Frank was understandably bummed at his loss and was talking of retiring from rocketry before leaving the launch.  Since then he says he's exited his slump and wants to build a nifty clustered/staged rocket using his Tilt-O-Meter2 at some point soon.  I'm glad he's back on the horse and hope that Mark's recovering from his loss as well.  I'm not sure what we'll do at this year's Plaster Blaster but I'd like to avoid the BLM constraint on launch distance so we'll see.
     We flew a mini drag race on Sunday limited to G motors.  I chose the CTI 110G250 and it was sorta fast.  Victory at last!!

Monday, January 7, 2013

BALLS 21 does not equal gonads now legally authorized to consume ethanol... offers far more to the cutting-edge rocketry community.  Let's start with the video fragments of my first N-motor flight (720p/full-screen always work best):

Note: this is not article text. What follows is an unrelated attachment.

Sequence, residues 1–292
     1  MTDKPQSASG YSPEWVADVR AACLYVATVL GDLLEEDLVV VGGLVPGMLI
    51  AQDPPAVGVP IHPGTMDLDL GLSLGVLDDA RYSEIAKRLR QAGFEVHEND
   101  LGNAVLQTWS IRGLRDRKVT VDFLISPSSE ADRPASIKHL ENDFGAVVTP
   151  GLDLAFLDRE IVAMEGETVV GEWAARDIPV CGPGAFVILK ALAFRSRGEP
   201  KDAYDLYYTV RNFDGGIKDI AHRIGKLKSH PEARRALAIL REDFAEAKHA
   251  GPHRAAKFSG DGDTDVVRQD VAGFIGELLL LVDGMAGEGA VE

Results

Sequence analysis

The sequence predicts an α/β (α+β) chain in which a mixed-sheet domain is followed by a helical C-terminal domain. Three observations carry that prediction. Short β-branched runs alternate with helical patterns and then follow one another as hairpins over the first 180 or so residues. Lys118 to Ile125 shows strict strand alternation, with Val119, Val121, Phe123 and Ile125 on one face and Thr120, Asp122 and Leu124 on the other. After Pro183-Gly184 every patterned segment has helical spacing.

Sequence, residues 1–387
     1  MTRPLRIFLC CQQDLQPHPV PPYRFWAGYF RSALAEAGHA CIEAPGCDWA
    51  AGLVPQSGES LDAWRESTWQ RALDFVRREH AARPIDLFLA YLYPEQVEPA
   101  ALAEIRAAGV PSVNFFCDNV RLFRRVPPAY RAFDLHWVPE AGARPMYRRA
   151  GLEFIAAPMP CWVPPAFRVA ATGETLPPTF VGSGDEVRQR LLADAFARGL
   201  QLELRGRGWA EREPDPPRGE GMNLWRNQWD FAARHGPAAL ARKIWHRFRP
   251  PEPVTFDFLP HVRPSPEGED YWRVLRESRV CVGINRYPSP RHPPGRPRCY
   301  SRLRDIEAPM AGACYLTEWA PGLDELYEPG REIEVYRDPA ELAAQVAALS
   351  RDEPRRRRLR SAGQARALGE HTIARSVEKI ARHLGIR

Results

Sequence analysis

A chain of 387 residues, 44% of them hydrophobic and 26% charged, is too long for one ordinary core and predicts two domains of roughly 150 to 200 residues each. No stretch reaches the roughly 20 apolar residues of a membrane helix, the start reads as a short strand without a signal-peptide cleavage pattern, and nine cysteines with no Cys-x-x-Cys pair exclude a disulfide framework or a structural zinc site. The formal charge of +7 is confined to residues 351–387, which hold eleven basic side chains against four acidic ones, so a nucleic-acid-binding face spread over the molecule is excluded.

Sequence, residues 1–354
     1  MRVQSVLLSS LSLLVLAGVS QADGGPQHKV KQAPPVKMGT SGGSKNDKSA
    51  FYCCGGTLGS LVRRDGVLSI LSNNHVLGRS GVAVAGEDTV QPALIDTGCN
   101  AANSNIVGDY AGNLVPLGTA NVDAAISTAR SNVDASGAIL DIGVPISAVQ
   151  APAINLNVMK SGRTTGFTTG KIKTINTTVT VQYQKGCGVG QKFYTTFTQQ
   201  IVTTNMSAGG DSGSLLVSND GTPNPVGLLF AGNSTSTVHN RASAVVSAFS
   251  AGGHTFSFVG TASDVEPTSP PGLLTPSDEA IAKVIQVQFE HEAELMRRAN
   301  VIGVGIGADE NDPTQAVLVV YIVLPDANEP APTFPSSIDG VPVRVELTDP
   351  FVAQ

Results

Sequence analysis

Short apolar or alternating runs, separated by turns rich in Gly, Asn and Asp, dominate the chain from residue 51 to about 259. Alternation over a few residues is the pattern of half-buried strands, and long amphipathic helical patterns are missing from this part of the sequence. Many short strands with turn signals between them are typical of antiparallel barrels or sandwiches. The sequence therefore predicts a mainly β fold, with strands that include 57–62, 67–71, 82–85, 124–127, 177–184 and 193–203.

I'm quite happy with the video I was able to salvage but I'll leap to the executive summary:

What worked:
  • A mostly cop-free 11-hour drive from Oceanside, CA to Black Rock, NV and back.
  • The brilliant foresight and planning of my fellow San Diego fliers.  We had an amazing compound nearly dead-center on the range.  Thanks, compadres!
  • A beautiful CTI 14272N1975 Green^3 reload (thanks to Kris' friend Molly for shooting):
  • Perfect flying conditions on the days I attended.
  • Unparalleled and proactive mutual respect from all fliers in attendance.  I was somewhat awed by the inverse attitude/magnitude relationship!  This is a very cool community.
  • Mark and Craig Clauson's incredible rocket hunting ability! Thank you both once again.
  • Frank Hermes' amazing 2-stage flight featuring the Tilt-O-Meter 2.
  • Everything else except...
What didn't:
  • Not repacking my main 'chute!!!!!!!!!!  For the first time EVER by the way.  This seemingly minor error on my part converted my 'simple, fun first N motor flight' into many, many small but costly repairs and replacements.  Repack your recovery system every time por favor.
  • Camping.  I suck at it and I'm at peace with that.  The first night was unbelievably cold and the second night was warmer yet provided just enough wind and flappy tent top that I attained approximately zero REM sleep.